Meggen Bassom, 38, lives in Manor, Texas, about 12 miles northeast of Austin. She’s married to her soulmate, works as a Network Operations Center Supervisor and loves anything tech-related.
“Everyday love” by Rascal Flatts is her favorite song. “It really fits my husband, Lee and me,” Meggen says. “We’re not exotic; we don’t do anything unusual or crazy, we’re just ordinary people living an ordinary life.
In March 2007, that ordinary life went into a tailspin when, on a flight from London to the United States, Meggen lost her hearing somewhere over the Atlantic. Despite a diagnosis of Progressive Sensory Hearing loss earlier that year, Meggen had no idea that she would lose her hearing completely while inflight.
Meggen didn’t ease gradually into a world of silence. When she departed from Gatwick, in London, she was hearing, and when she landed in Hartford, Connecticut, she was deaf.
Meggen says, “My ears plugged on that plane and they never unplugged. It was so unexpected. While my sister has the same genetic disorder, she became deaf at age 18. Since I was thirty, I thought I was safe.”
“When it first happened,” Meggen explains, “I thought it was the flight and I kept trying to pop my ears. After a week, I went to the doctor and he suggested I see an audiologist. The audiologist said that I needed bi-lateral hearing aids in both ears. So, as a 30th birthday present to myself, I bought a pair. They were very expensive…over $4,000 each.”
For seven years the hearing aids worked well enough, but in 2014 Meggen’s hearing got worse. She could not hear at work, and her job required a lot of time on the phone. Meggen’s doctor said she needed a cochlear implant on the left side.
Things didn’t go as Meggen had hoped. “On March 3, 2014 I had the cochlear implant surgery and lost all the hearing in my left ear. I only have about 15% hearing in my right ear. I got very depressed at this time.”
The first time Meggen turned on her cochlear implant was one of the lowest points in her life. Meggen says, “I could hear speech, but it was so different and robotic that I couldn’t understand what was being said. I thought it was always going to be like that. I thought I would never enjoy music or be able to have a conversation again.”
Meggen was terrified of losing her job, not being able to support herself, and being completely dependent on her family. Feelings of despair and helplessness pushed her into a deep depression.
Meggen’s mother found out about Service Dogs, Inc., and they applied for a dog the following month. That October she went to a meeting to see if she was a good candidate for a hearing dog. Just thinking about the possibility of a hearing dog gave her new hope that her life could get back to normal.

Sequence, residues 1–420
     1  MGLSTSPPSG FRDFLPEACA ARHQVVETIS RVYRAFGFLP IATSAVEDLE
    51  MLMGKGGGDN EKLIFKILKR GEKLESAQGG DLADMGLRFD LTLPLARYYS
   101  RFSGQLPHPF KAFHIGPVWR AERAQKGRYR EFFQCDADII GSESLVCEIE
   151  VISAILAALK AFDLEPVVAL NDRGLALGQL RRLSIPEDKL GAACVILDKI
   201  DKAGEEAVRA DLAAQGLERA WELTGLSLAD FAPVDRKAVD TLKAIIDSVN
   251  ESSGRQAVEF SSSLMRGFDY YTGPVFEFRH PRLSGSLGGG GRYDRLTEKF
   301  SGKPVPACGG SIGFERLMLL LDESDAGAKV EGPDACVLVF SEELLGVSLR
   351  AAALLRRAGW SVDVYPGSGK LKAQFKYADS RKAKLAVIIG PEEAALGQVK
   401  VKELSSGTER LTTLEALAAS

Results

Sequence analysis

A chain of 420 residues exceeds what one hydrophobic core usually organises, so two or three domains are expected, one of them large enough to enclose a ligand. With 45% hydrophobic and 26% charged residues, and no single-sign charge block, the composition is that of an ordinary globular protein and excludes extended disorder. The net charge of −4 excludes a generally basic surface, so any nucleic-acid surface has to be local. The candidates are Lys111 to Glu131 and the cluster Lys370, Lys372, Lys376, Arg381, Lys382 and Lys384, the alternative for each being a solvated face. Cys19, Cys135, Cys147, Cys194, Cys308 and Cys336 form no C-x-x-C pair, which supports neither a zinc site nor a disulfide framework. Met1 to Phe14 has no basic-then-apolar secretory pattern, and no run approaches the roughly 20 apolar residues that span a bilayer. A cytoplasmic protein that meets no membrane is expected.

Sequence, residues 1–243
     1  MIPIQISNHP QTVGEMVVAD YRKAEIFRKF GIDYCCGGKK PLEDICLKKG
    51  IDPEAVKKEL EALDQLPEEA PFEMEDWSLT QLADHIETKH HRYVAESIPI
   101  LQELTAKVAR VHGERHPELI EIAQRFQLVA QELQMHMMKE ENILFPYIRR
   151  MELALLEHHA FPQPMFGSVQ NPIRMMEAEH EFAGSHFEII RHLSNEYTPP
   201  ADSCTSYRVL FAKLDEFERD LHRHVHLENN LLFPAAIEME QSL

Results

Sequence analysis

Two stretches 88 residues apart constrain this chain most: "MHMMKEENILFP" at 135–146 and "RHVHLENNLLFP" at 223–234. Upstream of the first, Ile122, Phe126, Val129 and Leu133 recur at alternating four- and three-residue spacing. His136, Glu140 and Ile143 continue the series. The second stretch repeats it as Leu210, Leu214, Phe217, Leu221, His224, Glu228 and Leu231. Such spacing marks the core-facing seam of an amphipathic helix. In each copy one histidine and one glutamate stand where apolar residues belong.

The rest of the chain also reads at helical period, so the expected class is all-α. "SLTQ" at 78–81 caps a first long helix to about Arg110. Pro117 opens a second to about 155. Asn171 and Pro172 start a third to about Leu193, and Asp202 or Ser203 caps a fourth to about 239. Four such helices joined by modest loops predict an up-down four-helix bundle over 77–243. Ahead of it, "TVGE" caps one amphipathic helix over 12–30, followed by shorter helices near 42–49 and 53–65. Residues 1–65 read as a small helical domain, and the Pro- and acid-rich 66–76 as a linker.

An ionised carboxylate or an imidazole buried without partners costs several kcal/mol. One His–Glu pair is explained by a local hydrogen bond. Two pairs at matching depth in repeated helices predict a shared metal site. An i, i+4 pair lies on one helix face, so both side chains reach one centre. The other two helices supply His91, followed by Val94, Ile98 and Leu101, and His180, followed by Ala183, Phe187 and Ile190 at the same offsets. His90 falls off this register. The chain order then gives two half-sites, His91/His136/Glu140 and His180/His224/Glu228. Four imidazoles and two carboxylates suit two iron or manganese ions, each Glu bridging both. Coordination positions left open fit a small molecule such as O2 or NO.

Meggen smiles, remembering, “In March of 2015 I learned I would be getting Derby, and that’s when the depression lifted. I started to realize my life wasn’t over. I would still be able to do things by myself, with Derby’s help, and that’s when the implant actually started working for me. I could better understand speech and talk to people again. Knowing Derby was coming and that I would have help and not be a burden to my family made everything better.
Having a cochlear implant and hearing aid help, but not all the time and not enough. As Meggen describes, “I can only hear an alarm clock or smoke detector when I’m wearing my cochlear implant and a hearing aid. But, even with them in, I can’t hear the phone, people calling my name, knocking on the door, the microwave, the oven timer. I have no sound location, so even if I do hear a sound I don’t know what it is or where it is coming from.”
Derby, an adorable three-year-old Beagle mix is Meggen’s hearing dog, and then some. He alerts Meggen, by touch, and guides her to sounds like a buzzing alarm clock, the beep of the microwave or the pinging of her cell phone. Derby wasn’t trained as a lifesaver, but to Meggen, that is exactly what he is.
Meggen credits Derby, and Service Dogs Inc., with saving her life. That bears repeating: Saving. Her. Life.
Meggen says, “If I didn’t have Derby I’m not sure if I ever would have gotten over the depression of losing my hearing. Honestly, I’m not sure if I would be alive today if it weren’t for Service Dogs, Inc. and their hearing dog program. Knowing that Derby was coming gave me hope and a reason to live.”
Before Derby, Meggen was afraid to sleep, fearing the darkness and the silence. She only slept for about two hours a night. Other than going to work, Meggen stayed home, always on edge, worried about missing something she needed to hear.
But now, with Derby by her side, Meggen says, “I run errands regardless of the time. I shop by myself. I don’t avoid people. I sleep through the night. I am independent, confident and happy.”
Service Dogs Inc.’s mission is to provide service and hearing dogs, free of charge, as a lifeline to those with mobility challenges or hearing loss. And while they succeed in meeting that goal, reaching the moon, the end result really reaches the stars. Service Dogs, Inc. is in the business, unofficially of course, of saving lives, one person and one dog at a time.
Just ask Meggen. The love that she and Derby share is life changing, lifesaving and one that is really only understood by those who have the miracle of a service or hearing dog in their lives.
The darkness that once threatened to overcome Meggen is gone, banished by a wag, a woof and a gentle nudge from a heroic hearing dog named Derby. Curled up on the sofa, watching old movies with her husband and Derby is Meggen’s favorite place to be. It’s simple. It’s ordinary, and Meggen wouldn’t have it any other way.
~ By Janis Gioia